8 ways you can cut down on your energy bills

8 ways you can cut down on your energy bills

As human beings, we should showcase our own smartness and common sense in some relevant domestic situations – like saving our electricity and utility bills. As it turns out, the ‘saving’ part is actually is pretty easy to achieve with simple actions that wouldn’t really affect your day-to-day activities. So, while you are at it, please switch off your bathroom lights and check out eight such effortless ways by which you can slash your power bills.

1. Always unplug your electronic devices when not in use

Ever heard of the term vampire drain? No, we are not talking about modern day androgynous vampires. Rather it is the power siphoned off by your electronic devices when they are turned off, but still plugged to an outlet (with the outlet switch on). Now before you brand us as crazy, this power is actually required by the device to juice up their IR receivers, which in turn allows your remote control to work. In essence, the device (like your TV and air conditioner) draws 75 percent of its power over time when in a plugged state. So what is the solution? Well, the phenomenon can only be curtailed by physically unplugging the device cord from the outlet.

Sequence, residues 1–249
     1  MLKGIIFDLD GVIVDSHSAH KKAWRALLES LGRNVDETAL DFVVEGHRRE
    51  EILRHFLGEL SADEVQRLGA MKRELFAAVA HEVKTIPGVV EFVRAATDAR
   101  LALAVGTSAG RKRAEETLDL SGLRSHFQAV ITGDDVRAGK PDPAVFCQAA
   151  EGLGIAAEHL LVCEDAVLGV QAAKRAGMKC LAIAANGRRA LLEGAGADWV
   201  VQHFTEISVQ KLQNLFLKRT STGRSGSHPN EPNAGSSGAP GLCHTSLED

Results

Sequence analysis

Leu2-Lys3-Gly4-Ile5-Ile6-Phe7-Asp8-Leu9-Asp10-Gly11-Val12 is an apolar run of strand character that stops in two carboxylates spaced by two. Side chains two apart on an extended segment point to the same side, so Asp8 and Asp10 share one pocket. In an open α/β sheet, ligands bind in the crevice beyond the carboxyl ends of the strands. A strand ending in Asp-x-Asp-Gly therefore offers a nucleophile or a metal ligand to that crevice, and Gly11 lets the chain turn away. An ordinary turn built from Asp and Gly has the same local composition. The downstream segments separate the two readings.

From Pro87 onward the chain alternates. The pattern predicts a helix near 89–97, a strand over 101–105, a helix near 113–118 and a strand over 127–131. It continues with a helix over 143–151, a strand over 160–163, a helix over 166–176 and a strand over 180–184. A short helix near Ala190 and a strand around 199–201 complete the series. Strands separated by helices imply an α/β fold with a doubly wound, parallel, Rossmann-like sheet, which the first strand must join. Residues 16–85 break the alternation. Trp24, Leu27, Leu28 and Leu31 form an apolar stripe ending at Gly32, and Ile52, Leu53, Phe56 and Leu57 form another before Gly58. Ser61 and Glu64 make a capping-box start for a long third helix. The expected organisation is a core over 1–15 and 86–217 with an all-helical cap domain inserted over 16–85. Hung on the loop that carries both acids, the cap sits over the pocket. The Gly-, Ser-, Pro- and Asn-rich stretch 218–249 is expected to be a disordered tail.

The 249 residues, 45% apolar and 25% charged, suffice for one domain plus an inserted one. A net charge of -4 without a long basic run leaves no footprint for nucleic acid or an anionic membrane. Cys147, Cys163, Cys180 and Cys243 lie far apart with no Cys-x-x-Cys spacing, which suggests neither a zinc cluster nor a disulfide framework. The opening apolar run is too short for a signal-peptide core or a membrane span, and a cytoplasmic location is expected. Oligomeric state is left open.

2. Try to reduce your usage of air-conditioners

It may sound hurtful to the likes of LG and Samsung, but air-conditioners are seriously the bane of modern day energy consumption. These power guzzling monsters are even known on occasions to consume a whopping half of your entire power usage, with the remaining half accounting for all the other contraptions in your house like fridge, televisions, ovens and computers. So you do see where we are going with this, right? Try your best not to use air conditioners on a regular basis. And, even when you do, always clean their filters and coils. Moreover, there are some alternatives to ACs, ranging from simple ceiling fans, low-energy ventilation systems to smart shading mechanisms and double pane windows.

3. Old ‘beer’ refrigerators are not really worth your time and energy bills

Yes, we are talking about those 90’s antique specimens you keep in your basement for beer parties and stuff. Now they might have been energy efficient stars in their heydays; but when compared to contemporary refrigerators and coolers, they are simply obsolete in terms of technology. Of course, it is not that we don’t approve of ‘ole’ items. However, a 20 year old fridge practically accounts for more than twice of power consumption required by modern fridges. So the best solution is to just plug your beer fridge overnight before the party, and then unplug it when the business is done.

4. Take care of your home’s HVAC systems

Duct taping the HVAC components might give you short term benefits. However according to statistics, over time around 25 to 40 percent of hot and cold air escape through such taped points and other gaps and joints in the ducts. So as a more permanent solution, you can opt for durable patches like paint-on putty, mastic seals and even aluminum tapes. Also make sure that you are utilizing these materials in the right areas of the duct.